The European Quality of Life Survey (EQLS) is carried out every four to five years since its inception in 2003, with the latest edition in 2016. It examines both the objective circumstances of people's lives and how they feel about those circumstances and their lives in general. It covers issues around employment, income, education, housing, family, health and work–life balance. It also looks at subjective topics, such as people's levels of happiness and life satisfaction, and perceptions of the quality of society.
This series brings together publications and other outputs of the European Jobs Monitor (EJM), which tracks structural change in European labour markets. The EJM analyses shifts in the employment structure in the EU in terms of occupation and sector and gives a qualitative assessment of these shifts using various proxies of job quality – wages, skill-levels, etc.
Eurofound's European Quality of Life Survey (EQLS) examines both the objective circumstances of European citizens' lives and how they feel about those circumstances and their lives in general. This series consists of outputs from the EQLS 2016, the fourth edition of the survey. The survey was first carried out in 2003.
Eurofound’s European Working Conditions Survey (EWCS) paints a wide-ranging picture of Europe at work across countries, occupations, sectors and age groups. This series consists of findings from the EWCS 2015, the sixth edition of the survey. The survey was first carried out in 1990.
Eurofound’s European Working Conditions Survey (EWCS) paints a wide-ranging picture of Europe at work across countries, occupations, sectors and age groups. This series consists of findings from the EWCS 1996, the second edition of the survey. The survey was first carried out in 1990.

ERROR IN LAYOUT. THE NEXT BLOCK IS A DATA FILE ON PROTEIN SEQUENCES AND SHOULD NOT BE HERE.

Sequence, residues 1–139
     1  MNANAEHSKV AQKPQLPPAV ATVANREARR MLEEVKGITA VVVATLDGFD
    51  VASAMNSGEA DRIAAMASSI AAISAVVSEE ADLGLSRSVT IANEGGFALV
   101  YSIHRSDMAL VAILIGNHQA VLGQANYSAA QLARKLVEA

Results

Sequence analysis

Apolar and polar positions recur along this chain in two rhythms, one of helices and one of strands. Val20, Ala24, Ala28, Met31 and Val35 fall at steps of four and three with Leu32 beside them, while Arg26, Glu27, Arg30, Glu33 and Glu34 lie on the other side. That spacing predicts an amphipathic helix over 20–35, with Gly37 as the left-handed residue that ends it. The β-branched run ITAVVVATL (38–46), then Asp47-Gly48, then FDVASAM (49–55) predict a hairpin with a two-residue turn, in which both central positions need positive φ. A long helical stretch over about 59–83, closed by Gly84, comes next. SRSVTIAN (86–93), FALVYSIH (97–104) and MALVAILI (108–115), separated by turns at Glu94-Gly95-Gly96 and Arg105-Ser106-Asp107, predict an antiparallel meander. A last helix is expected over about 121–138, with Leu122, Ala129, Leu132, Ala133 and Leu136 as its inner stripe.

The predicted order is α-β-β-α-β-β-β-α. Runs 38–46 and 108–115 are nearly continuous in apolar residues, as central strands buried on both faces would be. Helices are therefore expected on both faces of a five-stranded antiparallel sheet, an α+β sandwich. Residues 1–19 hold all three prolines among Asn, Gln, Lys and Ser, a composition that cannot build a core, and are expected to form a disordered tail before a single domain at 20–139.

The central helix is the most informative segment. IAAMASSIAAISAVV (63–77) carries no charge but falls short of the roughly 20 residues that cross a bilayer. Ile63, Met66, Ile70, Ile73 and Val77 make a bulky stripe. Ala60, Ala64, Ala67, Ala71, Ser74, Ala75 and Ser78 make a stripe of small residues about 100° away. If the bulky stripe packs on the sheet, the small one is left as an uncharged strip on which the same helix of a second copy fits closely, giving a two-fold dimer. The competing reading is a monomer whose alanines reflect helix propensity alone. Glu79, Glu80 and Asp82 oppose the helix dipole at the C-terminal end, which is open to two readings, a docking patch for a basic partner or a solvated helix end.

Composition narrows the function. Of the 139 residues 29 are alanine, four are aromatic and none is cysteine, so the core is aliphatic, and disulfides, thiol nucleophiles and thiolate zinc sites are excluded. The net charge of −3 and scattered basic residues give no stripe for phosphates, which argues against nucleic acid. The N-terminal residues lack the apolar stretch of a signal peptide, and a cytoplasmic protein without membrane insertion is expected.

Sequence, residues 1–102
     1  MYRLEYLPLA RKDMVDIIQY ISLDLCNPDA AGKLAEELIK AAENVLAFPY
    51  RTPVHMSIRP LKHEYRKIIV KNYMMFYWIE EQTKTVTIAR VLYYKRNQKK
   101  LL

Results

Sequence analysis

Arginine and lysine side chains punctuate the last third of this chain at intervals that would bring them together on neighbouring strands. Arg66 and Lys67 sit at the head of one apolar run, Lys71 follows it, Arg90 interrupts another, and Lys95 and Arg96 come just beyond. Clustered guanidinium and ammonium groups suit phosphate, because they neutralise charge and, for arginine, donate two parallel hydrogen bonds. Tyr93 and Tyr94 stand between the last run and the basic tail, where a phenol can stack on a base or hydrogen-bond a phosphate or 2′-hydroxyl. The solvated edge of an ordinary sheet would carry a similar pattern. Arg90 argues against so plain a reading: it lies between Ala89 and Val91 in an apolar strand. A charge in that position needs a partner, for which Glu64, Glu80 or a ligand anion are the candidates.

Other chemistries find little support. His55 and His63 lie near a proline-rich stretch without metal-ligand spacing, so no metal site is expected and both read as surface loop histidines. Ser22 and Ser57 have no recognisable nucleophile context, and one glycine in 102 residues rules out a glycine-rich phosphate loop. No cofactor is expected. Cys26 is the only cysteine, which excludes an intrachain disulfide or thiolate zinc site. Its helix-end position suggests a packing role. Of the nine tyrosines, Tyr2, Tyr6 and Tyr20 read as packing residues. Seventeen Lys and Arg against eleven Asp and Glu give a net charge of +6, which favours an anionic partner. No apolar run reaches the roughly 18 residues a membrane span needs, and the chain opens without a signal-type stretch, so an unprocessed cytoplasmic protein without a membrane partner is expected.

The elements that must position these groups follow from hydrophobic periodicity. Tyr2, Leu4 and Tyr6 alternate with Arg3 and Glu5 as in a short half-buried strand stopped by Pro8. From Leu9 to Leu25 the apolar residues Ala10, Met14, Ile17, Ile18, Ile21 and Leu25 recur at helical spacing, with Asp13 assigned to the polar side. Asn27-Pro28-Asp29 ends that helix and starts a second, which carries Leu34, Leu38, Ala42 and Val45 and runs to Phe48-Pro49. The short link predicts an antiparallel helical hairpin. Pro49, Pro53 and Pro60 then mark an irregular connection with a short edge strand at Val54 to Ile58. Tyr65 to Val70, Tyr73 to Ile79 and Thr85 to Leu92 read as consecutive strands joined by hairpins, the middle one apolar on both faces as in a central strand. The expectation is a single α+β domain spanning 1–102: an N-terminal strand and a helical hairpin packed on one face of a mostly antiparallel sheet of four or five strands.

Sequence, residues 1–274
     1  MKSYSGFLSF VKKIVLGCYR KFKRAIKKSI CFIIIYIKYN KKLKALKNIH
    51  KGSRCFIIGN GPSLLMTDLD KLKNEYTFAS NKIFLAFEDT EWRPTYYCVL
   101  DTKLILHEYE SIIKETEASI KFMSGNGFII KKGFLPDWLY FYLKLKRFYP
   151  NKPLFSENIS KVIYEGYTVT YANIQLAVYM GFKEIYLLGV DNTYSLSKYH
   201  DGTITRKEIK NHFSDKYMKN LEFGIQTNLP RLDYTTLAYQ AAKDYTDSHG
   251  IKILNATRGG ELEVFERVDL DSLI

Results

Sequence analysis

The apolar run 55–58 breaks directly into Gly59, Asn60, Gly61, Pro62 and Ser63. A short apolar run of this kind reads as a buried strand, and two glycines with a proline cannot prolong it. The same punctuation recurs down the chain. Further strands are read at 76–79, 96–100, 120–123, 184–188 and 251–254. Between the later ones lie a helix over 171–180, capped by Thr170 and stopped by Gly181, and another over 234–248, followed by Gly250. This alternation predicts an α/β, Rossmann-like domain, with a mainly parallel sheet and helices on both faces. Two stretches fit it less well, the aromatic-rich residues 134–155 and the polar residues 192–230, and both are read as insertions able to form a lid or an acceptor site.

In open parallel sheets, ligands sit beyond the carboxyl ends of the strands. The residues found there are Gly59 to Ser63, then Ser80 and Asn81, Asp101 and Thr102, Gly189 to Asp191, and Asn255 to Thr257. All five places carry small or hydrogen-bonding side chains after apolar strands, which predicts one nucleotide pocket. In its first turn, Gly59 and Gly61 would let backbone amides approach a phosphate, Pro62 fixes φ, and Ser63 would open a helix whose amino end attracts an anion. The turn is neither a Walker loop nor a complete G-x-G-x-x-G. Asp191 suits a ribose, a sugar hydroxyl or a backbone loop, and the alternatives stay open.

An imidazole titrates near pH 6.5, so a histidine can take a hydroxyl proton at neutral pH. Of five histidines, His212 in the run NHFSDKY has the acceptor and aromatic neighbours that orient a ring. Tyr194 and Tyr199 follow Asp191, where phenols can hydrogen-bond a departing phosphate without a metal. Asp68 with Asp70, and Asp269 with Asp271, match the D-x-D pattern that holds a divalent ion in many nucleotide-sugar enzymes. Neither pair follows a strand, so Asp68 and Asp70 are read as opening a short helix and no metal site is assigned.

Eurofound’s European Working Conditions Survey (EWCS) paints a wide-ranging picture of Europe at work across countries, occupations, sectors and age groups. This series consists of findings from the EWCS 2001, which was an extension of the EWCS 2000 to cover the then 12 acceding and candidate countries. The survey was first carried out in 1990.
Eurofound’s European Working Conditions Survey (EWCS) paints a wide-ranging picture of Europe at work across countries, occupations, sectors and age groups. This series consists of findings from the EWCS 2000, the third edition of the survey. The survey was first carried out in 1990.
Eurofound’s European Company Survey (ECS) maps and analyses company policies and practices which can have an impact on smart, sustainable and inclusive growth, as well as the development of social dialogue in companies. This series consists of outputs from the first edition of the survey carried out in 2004–2005 under the name European Establishment Survey on Working Time and Work-Life Balance.
This study provides information allowing for an assessment of the representativeness of the actors involved in European sectoral social dialogue taking place at cross-sectoral level. Their relative representativeness legitimises their right to be consulted, their role and effective participation in the European sectoral social dialogue and their capacity to negotiate agreements. The aim of this Eurofound’s study on representativeness is to identify the relevant national and European social partner organisations at cross-sectoral level in the EU Member States.